Depression is common in people with endocrine-metabolic disorders and vice versa. In a study of 2.2 million people in the Swedish population, researchers from Karolinska Institutet confirmed that people with endocrine and metabolic disorders had increased rates of depression and found that depression rates were also higher. with their siblings. The study is published in the American Journal of Psychiatry.
Further analysis revealed the balance of genetic and environmental influences underlying the co-occurrence of depression for a range of endocrine-metabolic disorders. It is known that there is a high co-occurrence between endocrine-metabolic disorders and depression, but the relationship between them is still not well understood.
“Whether the overlap between these conditions is primarily genetic or environmental has implications for whether the development of pharmacological or behavioral interventions would be more effective for treatment or prevention efforts,” says Sarah Bergen, principal investigator in the Department medical epidemiology and biostatistics of Karolinska. Institutet, who conducted the study.
The authors identified 2.2 million people born in Sweden between 1973 and 1996, along with their siblings, and followed them up to age 40. A number of medical conditions have been studied; depression and various endocrine-metabolic disorders, including three autoimmune diseases (autoimmune hypothyroidism, Graves’ disease, and type 1 diabetes) and three non-autoimmune diseases (type 2 diabetes, obesity, and polycystic ovary syndrome) .
People with endocrine-metabolic disorders had 1.4 to 3.5 times the risk of depression compared to people without these diagnoses. Siblings of these individuals were also at high risk for depression, suggesting that shared genetic and/or environmental risk factors among family members play a role in the co-occurrence of these mental and physical disorders.
Genetic and environmental contributions
By comparing pairs of full siblings (who share about half of their genes) to pairs of half-siblings (who share about a quarter of their genes), it was possible to calculate the relative contribution from genetic and environmental factors to the co-occurrence of depression and various endocrine-metabolic disorders.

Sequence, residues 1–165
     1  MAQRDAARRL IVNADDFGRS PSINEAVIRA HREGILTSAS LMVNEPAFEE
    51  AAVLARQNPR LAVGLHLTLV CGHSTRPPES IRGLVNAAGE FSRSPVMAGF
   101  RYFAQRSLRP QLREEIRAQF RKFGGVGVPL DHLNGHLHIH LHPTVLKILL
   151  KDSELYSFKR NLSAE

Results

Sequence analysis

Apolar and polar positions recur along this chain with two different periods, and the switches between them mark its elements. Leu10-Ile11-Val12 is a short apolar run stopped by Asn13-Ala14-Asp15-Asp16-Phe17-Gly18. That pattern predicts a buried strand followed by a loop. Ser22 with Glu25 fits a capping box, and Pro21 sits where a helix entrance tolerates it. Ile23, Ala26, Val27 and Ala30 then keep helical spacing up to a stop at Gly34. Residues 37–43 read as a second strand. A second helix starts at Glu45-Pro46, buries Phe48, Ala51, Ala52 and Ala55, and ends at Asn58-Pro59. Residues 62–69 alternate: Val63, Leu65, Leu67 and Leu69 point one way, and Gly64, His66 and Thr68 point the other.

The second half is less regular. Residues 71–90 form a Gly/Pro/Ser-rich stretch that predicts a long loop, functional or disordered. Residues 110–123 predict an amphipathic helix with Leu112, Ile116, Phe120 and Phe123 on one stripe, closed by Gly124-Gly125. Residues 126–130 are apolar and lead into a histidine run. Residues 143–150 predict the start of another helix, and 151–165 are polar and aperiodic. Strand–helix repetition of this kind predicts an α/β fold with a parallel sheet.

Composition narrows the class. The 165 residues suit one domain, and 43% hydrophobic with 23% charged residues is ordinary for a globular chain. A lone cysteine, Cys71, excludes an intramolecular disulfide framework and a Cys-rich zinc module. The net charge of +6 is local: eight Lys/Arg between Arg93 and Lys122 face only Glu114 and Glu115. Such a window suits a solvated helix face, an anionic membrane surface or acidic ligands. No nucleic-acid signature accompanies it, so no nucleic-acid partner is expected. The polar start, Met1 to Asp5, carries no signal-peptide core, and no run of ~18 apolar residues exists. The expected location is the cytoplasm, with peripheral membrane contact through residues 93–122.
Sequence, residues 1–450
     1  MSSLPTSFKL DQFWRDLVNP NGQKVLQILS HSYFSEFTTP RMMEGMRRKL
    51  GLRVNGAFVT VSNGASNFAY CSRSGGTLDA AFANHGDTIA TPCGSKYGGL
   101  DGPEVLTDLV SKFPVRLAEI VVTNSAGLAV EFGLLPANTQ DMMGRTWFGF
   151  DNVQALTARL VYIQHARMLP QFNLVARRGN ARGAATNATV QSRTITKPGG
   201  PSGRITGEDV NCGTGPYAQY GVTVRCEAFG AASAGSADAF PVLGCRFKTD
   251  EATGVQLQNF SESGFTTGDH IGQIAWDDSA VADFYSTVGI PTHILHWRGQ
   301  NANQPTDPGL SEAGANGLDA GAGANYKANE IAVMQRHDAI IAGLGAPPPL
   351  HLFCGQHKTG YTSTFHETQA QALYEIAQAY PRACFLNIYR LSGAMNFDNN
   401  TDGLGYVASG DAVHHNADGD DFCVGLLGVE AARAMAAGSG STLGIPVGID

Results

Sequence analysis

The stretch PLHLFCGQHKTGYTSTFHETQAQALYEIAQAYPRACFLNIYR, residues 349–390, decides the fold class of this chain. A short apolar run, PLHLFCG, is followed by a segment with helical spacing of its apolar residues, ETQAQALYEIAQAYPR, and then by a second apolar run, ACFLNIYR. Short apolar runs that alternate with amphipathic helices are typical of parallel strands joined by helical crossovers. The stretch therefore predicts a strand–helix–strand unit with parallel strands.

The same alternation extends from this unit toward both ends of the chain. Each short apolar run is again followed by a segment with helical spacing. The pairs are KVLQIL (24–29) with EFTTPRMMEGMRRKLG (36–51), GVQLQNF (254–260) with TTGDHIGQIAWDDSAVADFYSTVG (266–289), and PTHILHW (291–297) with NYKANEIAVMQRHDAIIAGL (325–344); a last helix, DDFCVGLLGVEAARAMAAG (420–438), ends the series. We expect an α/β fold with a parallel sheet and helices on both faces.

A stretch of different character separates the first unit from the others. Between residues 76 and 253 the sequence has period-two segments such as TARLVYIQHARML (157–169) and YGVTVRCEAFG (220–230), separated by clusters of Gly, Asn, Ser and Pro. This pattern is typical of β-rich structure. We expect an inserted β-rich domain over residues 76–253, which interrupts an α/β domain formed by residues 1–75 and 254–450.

The results were a mixture of these possibilities; the overlap between depression and non-autoimmune diseases was mainly explained by shared genetic influences, while environmental factors were mainly implicated in the association between depression and autoimmune diseases, in particular type diabetes 1.
This indicates that the link between depression and different endocrine-metabolic disorders may be driven by different mechanisms. For example, shared biological mechanisms, such as immuno-inflammatory and metabolic dysregulations, may underlie the co-occurrence of depression and type 2 diabetes, obesity and polycystic ovary syndrome. In contrast, the absence of shared genetics in the association between type 1 diabetes and depression may reflect the existence of environmental factors influencing the risk of both conditions and/or a direct link between these conditions through factors mediators – for example, biological and psychosocial mechanisms related to type 1 diabetes, including inflammation, brain damage, as well as the stress of this chronic disease that is often diagnosed early in life and requires a management regimen complex for patients and their families.
“Our findings underscore that clinicians need to be aware of the increased risks of depression in people with endocrine-metabolic disorders, and vice versa, and be vigilant for shared symptoms. This study also provides a useful foundation for future research aimed at identify and target the biological mechanisms and modifiable risk factors underlying the co-presentation of endocrine-metabolic disorders and depression,” explains Marica Leone, first author of the study.
Type 1 diabetes linked to higher risk of mental health problems in patients and their families
Marica Leone et al, Genetic and environmental contribution to the co-occurrence of endocrine-metabolic disorders and depression: a national Swedish sibling study, American Journal of Psychiatry (2022). DOI: 10.1176/appi.ajp.21090954
Provided by Karolinska Institutet
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